Coachella 2013: Confessions of a Violent Femme

Brian Ritchie, left, and Gordon Gano of the band the Violent Femmes perform onstage during day two.
(Kevin Winter/Getty Images for Coachella)

Watching the Violent Femmes at Coachella is a kind of existential angst for a millennial guy.

The trio’s acoustic punk reveries on the Main Stage were perhaps the most articulate depiction of young male desire that any band could conjure for a twentysomething male. Sure, you can rage in the dance tent, or profess your affections in a smaller arena, but for real, uncut adolescent masculinity and its attendant frustrations, there is the Violent Femmes, and no one else.

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Hearing them play “Add It Up” on the main stage is both a reminder and a warning: The world is big and wide and nothing can replace that first gasp of musical influence as a document of how to feel attraction. But the emotion that the Violent Femmes conveys -- that of thwarted lust and unmet need -- remains hot and vital at Coachella.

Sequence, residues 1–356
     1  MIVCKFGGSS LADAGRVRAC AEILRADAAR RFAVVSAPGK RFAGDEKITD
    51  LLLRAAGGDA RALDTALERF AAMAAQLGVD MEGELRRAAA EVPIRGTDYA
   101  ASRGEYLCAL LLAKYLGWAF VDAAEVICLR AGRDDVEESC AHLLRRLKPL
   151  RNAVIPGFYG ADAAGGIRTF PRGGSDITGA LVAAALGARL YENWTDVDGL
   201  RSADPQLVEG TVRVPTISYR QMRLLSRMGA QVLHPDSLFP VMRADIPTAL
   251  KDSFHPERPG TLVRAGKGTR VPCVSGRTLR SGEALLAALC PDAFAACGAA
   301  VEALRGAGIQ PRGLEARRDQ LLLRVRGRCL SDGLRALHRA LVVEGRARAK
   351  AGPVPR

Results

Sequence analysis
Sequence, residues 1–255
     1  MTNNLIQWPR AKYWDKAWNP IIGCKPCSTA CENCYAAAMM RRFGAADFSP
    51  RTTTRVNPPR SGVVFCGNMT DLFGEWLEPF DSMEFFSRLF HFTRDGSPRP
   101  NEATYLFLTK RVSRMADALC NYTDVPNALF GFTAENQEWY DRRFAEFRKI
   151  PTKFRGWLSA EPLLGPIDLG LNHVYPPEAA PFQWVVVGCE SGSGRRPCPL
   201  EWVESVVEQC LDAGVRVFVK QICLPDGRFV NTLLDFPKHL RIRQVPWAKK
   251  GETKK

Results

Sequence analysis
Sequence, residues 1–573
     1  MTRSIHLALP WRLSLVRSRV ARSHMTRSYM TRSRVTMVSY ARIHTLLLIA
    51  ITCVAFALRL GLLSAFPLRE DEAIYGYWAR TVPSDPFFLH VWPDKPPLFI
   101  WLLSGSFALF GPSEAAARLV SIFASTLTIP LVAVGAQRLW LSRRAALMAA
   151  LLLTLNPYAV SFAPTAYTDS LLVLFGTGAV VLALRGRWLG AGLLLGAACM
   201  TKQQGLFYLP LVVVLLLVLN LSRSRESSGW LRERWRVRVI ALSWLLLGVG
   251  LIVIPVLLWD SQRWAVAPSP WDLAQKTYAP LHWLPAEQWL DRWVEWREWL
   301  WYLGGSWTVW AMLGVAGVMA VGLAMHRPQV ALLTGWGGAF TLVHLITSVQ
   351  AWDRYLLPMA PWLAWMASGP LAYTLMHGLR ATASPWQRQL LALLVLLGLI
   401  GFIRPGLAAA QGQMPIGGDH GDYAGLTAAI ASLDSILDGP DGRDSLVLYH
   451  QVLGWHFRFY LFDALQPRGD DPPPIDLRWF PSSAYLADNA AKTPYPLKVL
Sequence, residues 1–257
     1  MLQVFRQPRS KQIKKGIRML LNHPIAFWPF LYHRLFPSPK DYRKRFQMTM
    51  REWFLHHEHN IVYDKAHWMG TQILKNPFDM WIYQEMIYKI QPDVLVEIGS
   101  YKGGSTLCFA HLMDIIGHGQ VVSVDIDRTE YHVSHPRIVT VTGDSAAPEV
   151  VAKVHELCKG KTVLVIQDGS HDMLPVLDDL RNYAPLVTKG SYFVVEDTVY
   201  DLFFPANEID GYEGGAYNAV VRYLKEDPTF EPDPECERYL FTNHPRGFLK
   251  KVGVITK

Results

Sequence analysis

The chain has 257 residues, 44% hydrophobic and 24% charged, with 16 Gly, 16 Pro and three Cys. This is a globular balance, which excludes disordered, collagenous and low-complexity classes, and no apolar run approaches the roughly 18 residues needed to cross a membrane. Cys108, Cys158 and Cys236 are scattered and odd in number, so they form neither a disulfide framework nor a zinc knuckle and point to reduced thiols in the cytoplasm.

All things considered, they sounded great after so many years (their first record was released 30 years ago), and sounded all the better with a feral punk instinct leeching into their pop savvy hits. But as one who grew up on them, it’s a pleasure to see the Violent Femmes reunited and at the vanguard of male frustration once more.


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